The root cause in this case was traced to an external data provider.  Yet the problem surfaced as an internal error in PerfectReport software.   As a result, PerfectAnalytics software had no choice but to own the problem resolution process.

Now – the best part:  the customer was very impressed how PerfectReport 2.0 was able to determine the root cause of errors that originated from external data providers and take steps to protect the customer from using bad data.   Good will – at a very low point – was instantly restored.

Closing thoughts:

– Think about error localization like any other critical design activity

– Treat error management and instrumentation capabilities like any feature;  they have to be visible in the product strategy and release roadmap

– Capture Diagnostic Time when closing defects and problems

– Start to worry when the encountering problems requiring more than a few hours to solve

– Set a goal of building software in such a way that it takes no more than 1 hour to find even the most complex problem

Your customers will love your products.

To rewire, refactor, or rewrite

April 11, 2010 3 comments

What is one of the major risks – one that cannot be taken lightly – that a software company may face during a period of rapid growth?


Let’s stop for a moment and ask:  what is refactoring?

Refactoring is a conscious decision to make fundamental changes in a product architecture (take one step backwards) in order to accelerate delivery of future releases (make several steps forward).  These releases may include long awaited functionality, new competitive features, improved performance.

It’s important to note that the single most important reason which drives the decision to refactor is acceleration of future releases.    Mature products with a short list of pending features do not typically become the target of refactoring.

What are some of the symptoms that refactoring may be necessary?

– Fixing one problem leads to several new and unexpected problems

– The backlog of critical new features is growing longer

– It takes more time to add new features with each new product release

– It also take more time to test each new product release

– Competition is able to deliver new product releases faster

Refactoring is very expensive and carries significant business risks.   That’s why most refactoring efforts tend to be reactive (in fact exacerbating business risks).    Because refactoring is so disruptive and often viewed as a measure of last resort, aggressive timelines and pressure to correct what has not been dealt with (aka “technical debt”) for a long time escalates the risks exponentially.

Refactoring does not have to the measure of last resort.

Complex, enterprise software product continuously evolves, with each new release adding new functionality.

The product’s architecture and code base should also evolve with each new release.

The key to success is commitment to continuous refactoring – or better viewed as ‘rewiring’:  eliminating duplicate code, making tactical changes to improve automated testing, increasing separation of concerns.

When ‘rewiring’ no longer produces results, the two remaining options – refactor or rewrite – become the subject of many healthy debates.

Commitment to ‘rewiring’ – or dedicating a percentage of time spent on each software release to make tangible code improvements – will yield significant benefits, either delaying or reducing the scope of major refactoring efforts in the future.

At some point, every software company faces the decision to refactor.  Refactoring is inevitable.  The only question is the extent of future refactoring efforts.

Categories: Software Engineering

New superstar just joined the team: it’s ‘form, storm, norm, perform’ all over again

April 2, 2010 4 comments

It’s been awhile since I had a chance to write another blog entry in ‘advice for the new CTO’ category.

To get started – let’s ask a question …

After an incredible amount of effort was spent to recruit and attract a superstar software engineer, what do you do in the first 60 days ensure that this A+ hire will succeed?

It does take an incredible amount of effort to recruit and attract a superstar software engineer.   These are real metrics (courtesy of my recent project):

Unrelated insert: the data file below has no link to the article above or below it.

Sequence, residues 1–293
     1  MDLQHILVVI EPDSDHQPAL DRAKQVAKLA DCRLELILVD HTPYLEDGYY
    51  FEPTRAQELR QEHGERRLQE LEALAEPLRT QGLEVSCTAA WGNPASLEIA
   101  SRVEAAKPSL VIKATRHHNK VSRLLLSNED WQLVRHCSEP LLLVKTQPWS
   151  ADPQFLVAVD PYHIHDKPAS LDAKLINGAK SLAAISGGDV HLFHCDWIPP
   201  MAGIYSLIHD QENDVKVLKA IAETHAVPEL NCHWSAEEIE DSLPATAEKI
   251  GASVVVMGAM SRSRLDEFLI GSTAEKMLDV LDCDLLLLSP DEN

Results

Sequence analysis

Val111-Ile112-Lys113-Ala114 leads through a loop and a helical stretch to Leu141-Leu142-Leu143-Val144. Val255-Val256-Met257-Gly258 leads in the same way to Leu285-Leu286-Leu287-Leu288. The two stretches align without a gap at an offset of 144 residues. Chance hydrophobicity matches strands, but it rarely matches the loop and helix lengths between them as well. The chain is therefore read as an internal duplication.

– 1 opening for a very senior software engineer with ‘failure not an option’ DNA

– 1,200 resumes

– 95 good resumes (it’s hard to believe but very true)

– 10 resumes selected for phone screens (20 person-hours invested)

– 3 candidates selected for on site interviews

– 6 hours per candidate (2 sessions over a 2 day period), 4 team members present during each team interview session

– 72 person-hours invested to interview 3 final candidates.  NOTE:  this time was not spent on the next critical release (recruiting is both essential and expensive).

Everyone felt very comfortable with Candidate A who has shown a tremendous potential to succeed.

Three weeks later Candidate A joined the team.

In many organizations, one may hear a sigh of relief, “finally – we can return to building the next product with Candidate A on board”.

The truth:  the journey to ensure that Candidate A succeeds has just started.

When someone very senior joins a product development, the team undergoes the same transformation as if the team were formed from the very beginning.

This transformation, or – Form, Storm, Norm, and only then Perform – cannot be ignored (has to be acknowledged) or the entire recruiting investment will mean very little.  Either the team will reject the candidate or the candidate will leave because the team has not found a way to accept someone just as sharp – or perhaps even sharper.

Form – has just ended.  Candidate A is now Employee A – a long awaited member of the team.

Storm – will be inevitable, with lots of clouds and thunder at times.   Employee A will be trying to prove him /herself and the competition between ideas can create many difficulties if individuals had not had some to work together.   Monitor this phase very carefully.  Meet with Employee A twice a week.  Meet with other members of the team and get their feedback.

Norm – if Employee A is about to suggest something that may not work well, go against the grain and agree with Employee A.  Then – create an opportunity for Employee A to fail but fail very graciously.   Empower the team to help Employee A and recover.   This will allow Employee A to build that very bond that he / she seeks.     It’s perfectly OK to fail, quickly learn, and move on.   The knowledge the team will be there to help – no matter what – is a powerful motivator.

Perform – will exceed expectations once Employee A successfully navigates through the first three phases.   The first 60 days will be very critical.

For those that are interested, Bruce Tuckman – an American psychologist – first proposed the model of group development (Form, Storm, Norm, Perform) in 1965.